I don’t share that shit with them, but the govt can get them whenever.
                      So yeah, at 4:51pm you’re making shit up.

                    • john

                      The GCSB only had 5 new interception warrants issues last year.

                      They are particularly on the outlook for ships breaching our offshore fishings regulations, drug dealers, organised crime, and terrorist.

                      Presumably you’re just a paranoid nobody, so you don’t need to worry about your high finances being looked at (but obviously you still will).

                    • McFlock

                      and alleged copyright violators. Big threat to national security, that. 🙄

                    • john

                      A serial criminal with convictions to prove it, who has repeatedly made his living by ripping people off, currently charged with ripping off tens of millions of dollars, is a great candidate to be spied on.

                      The police intercept communications for crimes significantly less than that on a daily basis.

                    • McFlock

                      for someone who suddenly gets his knickers in a twist about antisemitism, you’re sure quick to round up the usual suspects – like copyright violators.

                    • john

                      For someone who claims to be worried about their bank details, you seem to be quick to attack the government department responsible for keeping them safe from cyber attacks.

                    • McFlock

                      the government department that broke the law and spied on people it was specifically outlawed from spying on?

                      Yeah, nothing wrong with that, just as long as it’s someone you don’t like, eh…

                    • john

                      As the police were legally allowed to spy on Dotcom it is not hugely significant.

                      If the police had the same capability there would be no issue, except the big waste of taxpayers money from doubling up on equipment and staff.

                    • McFlock

                      oh, this would be the police who illegally shared the siezed data with an overseas agency?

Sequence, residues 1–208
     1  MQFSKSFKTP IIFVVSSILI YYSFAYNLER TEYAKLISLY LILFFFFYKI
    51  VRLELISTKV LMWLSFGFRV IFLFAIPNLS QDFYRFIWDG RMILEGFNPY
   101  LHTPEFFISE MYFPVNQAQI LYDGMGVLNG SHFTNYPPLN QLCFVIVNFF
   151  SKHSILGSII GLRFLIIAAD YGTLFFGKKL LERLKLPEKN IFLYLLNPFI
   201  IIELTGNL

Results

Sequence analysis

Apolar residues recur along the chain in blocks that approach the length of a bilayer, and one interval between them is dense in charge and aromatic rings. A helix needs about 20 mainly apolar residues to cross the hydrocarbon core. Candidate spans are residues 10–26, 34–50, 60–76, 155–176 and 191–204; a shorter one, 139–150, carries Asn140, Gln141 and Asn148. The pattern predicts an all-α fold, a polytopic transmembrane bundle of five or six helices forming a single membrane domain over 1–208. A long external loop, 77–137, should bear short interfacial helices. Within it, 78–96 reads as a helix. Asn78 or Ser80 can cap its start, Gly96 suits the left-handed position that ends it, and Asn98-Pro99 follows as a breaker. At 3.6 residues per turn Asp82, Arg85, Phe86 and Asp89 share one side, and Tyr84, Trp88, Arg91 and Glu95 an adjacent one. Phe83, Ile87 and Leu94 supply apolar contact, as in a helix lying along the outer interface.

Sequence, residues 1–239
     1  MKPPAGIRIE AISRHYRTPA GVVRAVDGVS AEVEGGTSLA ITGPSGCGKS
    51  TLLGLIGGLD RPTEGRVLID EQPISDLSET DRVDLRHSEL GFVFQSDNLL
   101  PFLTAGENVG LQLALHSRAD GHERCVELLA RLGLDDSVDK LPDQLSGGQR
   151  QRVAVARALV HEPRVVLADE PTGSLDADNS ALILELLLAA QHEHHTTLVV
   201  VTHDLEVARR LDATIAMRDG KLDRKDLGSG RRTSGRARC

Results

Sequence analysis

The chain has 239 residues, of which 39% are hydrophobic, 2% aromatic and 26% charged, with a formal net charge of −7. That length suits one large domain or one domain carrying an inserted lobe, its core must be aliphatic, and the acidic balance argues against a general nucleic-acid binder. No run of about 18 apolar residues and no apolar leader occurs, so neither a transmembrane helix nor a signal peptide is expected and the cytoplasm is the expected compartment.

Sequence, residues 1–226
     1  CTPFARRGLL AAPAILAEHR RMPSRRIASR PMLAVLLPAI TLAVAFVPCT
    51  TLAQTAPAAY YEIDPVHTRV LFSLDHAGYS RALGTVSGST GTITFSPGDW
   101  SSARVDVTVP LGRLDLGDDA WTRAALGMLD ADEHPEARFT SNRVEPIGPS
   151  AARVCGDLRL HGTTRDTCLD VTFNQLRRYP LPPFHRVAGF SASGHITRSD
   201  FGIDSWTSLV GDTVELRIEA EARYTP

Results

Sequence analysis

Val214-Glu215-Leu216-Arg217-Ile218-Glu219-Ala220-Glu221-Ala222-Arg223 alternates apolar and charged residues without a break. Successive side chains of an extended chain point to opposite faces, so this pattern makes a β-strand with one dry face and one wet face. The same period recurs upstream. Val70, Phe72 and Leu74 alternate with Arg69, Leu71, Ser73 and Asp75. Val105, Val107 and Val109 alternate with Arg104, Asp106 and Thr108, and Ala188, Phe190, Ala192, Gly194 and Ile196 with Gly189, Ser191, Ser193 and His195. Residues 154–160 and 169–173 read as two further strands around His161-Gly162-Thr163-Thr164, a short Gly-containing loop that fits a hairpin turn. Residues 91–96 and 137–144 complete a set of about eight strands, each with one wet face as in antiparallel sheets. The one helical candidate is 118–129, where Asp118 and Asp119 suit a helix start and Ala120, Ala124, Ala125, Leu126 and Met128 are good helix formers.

Might even be the same unit that fed false information to a court in order to boost an agent’s street cred?

                      But it’s cool, you’re terrified of copyright violation. No worries.

                    • tricledrown

                      John cyber attacks such as 5 eyes suppressing democracy

                    • One Anonymous Bloke

                      You’ll say anything to support your #team. That much is clear. Excuse their law breaking, deny the harm you do. Ethically challenged.

                • politikiwi

                  There’s a chasm of difference between a private company, such as Facebook, and the State. Off the top of my head:
                  — Facebook can’t revoke your passport.
                  — Facebook can’t put you in prison, indefinitely, without charge or trial.
                  — Facebook can’t send a drone to fire missiles at you (and anyone with the rotten luck to be in your vicinity).

                  I’m glad your comfortable that you’ll never have anything to hide from anyone, that you’ll always be compliant with the wishes of the State, that you’ll never be involved in a case of mistaken identity, that circumstances will never result in your being identified as a threat (even if you’re not), that you’re comfortable with extra-judicial assassination, that you don’t believe in the right to a fair trial.

                  I’m not. And history has shown over and over and over again that we should not be comfortable with ubiquitous surveillance. What you’re really saying is that “this time it’s OK”, but you’ve got no evidence for that conclusion except that “they” have told you it’s OK.